Programmes and programme segments broadcast on news channels such as CNN, NBC, ABC, CBS and Nightline. Includes footage and reports on South Africa's transition to democracy: Talks between Nelson Mandela and FW De Klerk about the terms for a democratic election in South Africa, both prior to and after Mandela’s release from prison. De Klerk’s offer to negotiate with the African National Congress (ANC) if it would renounce violence. The statement by Nelson Mandela in 1989, urging the government to negotiate with the ANC Reactions inside South Africa to the 1989 meeting between Nelson Mandela and PW Botha, with commentary from Helen Suzman, Archbishop Desmond Tutu, Ismail Ayob and Reverend Frank Chikane. Talks about power sharing between the ANC and the apartheid government. The ANC's suspension of armed struggle, following talks with the South African government. Nelson Mandela being urged by De Klerk to drop the South African Communist Party (SACP) leader Joe Slovo, from the ANC negotiating team. A statement from De Klerk that he will reject ANC demands for outright majority rule. The possibility of peace talks between Nelson Mandela and Mangosuthu Buthelezi, and Buthelezi’s reactions to agreements made between Nelson Mandela and De Klerk. Strains in the relationship between the ANC and the South African government because of continuing political violence. Scenes of political violence such as the Boipatong Massacre (1992) and conflict between Inkatha and the ANC. The ANC’s announcement to withdraw from negotiations, and the resumption of talks. The broader political situation in South Africa.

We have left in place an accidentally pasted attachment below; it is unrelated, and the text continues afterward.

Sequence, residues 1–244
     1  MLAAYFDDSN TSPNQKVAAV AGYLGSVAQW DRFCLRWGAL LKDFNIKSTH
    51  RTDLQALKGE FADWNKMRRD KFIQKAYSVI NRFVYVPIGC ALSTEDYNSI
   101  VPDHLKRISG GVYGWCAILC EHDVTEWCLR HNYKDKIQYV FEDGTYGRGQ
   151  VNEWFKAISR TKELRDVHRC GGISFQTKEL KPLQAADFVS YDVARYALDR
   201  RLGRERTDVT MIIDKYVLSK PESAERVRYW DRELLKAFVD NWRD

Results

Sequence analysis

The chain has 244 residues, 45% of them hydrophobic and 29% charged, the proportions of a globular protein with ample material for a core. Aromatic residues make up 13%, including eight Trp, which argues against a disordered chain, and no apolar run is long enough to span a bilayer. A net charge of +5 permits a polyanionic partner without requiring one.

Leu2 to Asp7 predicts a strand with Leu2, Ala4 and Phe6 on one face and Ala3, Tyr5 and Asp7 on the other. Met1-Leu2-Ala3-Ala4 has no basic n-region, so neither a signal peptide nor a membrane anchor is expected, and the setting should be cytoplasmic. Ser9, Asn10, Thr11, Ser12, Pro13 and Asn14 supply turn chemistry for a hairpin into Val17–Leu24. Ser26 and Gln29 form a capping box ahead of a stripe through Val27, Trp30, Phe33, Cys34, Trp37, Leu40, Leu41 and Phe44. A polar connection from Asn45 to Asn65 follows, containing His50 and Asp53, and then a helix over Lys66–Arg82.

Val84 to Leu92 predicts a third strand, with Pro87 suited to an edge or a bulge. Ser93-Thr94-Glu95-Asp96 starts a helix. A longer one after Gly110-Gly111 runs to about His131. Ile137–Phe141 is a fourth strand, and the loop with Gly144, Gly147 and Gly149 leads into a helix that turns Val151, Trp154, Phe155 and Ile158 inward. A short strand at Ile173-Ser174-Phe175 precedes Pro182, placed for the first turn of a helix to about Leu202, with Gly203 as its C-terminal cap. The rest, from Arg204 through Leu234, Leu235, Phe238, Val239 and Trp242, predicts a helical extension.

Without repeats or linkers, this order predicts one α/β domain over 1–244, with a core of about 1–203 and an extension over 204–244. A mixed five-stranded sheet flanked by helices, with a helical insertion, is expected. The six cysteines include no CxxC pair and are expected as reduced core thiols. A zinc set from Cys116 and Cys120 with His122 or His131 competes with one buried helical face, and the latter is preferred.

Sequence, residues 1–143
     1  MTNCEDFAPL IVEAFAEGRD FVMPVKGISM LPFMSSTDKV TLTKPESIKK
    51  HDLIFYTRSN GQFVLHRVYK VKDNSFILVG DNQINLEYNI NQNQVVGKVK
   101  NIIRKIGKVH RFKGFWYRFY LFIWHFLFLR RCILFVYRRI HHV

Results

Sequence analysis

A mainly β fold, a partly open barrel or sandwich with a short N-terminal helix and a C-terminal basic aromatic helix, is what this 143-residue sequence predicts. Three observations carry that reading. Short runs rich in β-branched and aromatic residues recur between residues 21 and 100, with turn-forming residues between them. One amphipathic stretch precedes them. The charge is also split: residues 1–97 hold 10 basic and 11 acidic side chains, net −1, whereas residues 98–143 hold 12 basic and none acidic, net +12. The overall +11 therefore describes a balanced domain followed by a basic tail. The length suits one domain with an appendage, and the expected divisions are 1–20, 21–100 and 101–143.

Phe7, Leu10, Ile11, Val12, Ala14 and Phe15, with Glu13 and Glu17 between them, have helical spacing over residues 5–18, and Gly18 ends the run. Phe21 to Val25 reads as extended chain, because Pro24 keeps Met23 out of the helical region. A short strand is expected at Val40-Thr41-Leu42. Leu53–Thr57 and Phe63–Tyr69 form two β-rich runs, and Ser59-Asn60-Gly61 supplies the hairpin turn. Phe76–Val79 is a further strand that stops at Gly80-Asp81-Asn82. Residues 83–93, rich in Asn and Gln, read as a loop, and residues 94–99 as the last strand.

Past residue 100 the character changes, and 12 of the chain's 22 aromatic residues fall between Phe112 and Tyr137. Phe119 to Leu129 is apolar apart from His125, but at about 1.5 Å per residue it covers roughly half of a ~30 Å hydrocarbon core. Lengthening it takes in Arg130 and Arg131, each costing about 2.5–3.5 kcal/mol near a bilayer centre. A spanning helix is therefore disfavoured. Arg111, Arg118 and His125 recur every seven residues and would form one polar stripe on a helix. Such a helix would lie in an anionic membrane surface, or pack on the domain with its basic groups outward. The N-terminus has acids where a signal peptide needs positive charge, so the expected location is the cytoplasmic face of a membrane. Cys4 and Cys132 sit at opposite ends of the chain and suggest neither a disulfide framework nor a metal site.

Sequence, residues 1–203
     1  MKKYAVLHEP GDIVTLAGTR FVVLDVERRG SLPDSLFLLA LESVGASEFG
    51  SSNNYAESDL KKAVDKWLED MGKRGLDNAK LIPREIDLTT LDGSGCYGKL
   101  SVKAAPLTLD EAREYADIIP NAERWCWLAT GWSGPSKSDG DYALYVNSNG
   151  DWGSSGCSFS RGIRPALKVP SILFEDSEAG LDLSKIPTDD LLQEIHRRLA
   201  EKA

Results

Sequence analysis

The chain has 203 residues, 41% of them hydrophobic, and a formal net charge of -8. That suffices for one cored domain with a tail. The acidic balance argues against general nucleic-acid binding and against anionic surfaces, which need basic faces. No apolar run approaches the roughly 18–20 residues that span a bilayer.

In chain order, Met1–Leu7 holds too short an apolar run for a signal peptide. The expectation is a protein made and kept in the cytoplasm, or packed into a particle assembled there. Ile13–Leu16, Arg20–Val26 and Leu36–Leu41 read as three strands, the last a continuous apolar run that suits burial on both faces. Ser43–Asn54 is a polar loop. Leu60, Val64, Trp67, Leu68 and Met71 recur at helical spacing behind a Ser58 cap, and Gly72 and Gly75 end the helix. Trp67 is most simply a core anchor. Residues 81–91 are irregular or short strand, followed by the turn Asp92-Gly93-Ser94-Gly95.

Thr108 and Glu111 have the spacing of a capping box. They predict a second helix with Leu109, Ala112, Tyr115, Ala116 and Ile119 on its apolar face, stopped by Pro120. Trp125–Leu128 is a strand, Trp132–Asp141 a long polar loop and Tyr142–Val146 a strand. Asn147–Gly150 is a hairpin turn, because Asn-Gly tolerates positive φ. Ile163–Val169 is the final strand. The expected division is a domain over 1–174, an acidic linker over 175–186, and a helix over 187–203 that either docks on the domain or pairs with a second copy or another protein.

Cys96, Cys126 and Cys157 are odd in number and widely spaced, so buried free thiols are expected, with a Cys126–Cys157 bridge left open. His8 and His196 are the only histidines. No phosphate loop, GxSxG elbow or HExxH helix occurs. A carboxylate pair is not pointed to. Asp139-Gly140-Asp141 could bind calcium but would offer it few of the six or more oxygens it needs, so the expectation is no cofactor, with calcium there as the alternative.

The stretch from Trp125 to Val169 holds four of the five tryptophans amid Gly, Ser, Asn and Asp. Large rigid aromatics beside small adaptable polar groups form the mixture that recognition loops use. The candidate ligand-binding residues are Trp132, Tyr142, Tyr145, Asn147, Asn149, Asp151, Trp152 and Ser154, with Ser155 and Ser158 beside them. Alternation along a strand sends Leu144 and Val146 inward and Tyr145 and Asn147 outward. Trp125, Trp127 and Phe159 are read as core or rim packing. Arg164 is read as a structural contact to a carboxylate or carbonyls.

Programmes and programme segments broadcast on channels such as ABC, CBC, CNN, NBC and Nightline. Includes footage and reports on the following: The Anti-Apartheid struggle being waged by the African National Congress (ANC), and Nelson Mandela's role. The history of the ANC and Nelson Mandela’s early leadership role. Nelson Mandela’s role in the development of the Freedom Charter. Scenes of Nelson Mandela and Oliver Tambo attending the first ANC national conference held in South Africa after the ANC unbanning. A statement by Mangosuthu Buthelezi about Nelson Mandela’s position on the use of violence as a political means. Anti-apartheid speeches made by Nelson Mandela in the immediate aftermath of his release from prison. Commentary by Nelson Mandela on malpractices of the ANC in prison camps in exile. The election of Nelson Mandela as the ANC Deputy President. Nelson Mandela travelling to Zambia to meet with the ANC leadership there, soon after his release from prison. Nelson Mandela meeting Palestinian Liberation Organisation (PLO) leader, Yasser Arafat, and Zambian President, Kenneth Kaunda. Interviews by Ted Koppel with Nelson Mandela. Nelson Mandela’s call for the continuation of economic sanctions against South Africa, at the ANC national conference, 1991. Nelson Mandela's election to the presidency of the ANC. Nelson Mandela leading marches in Soweto and Pretoria, as part of an ANC mass action campaign. Nelson Mandela attending the funerals of five assassinated ANC activists. The election of Nelson Mandela’s successor to the ANC presidency. The ANC's suspension of armed struggle.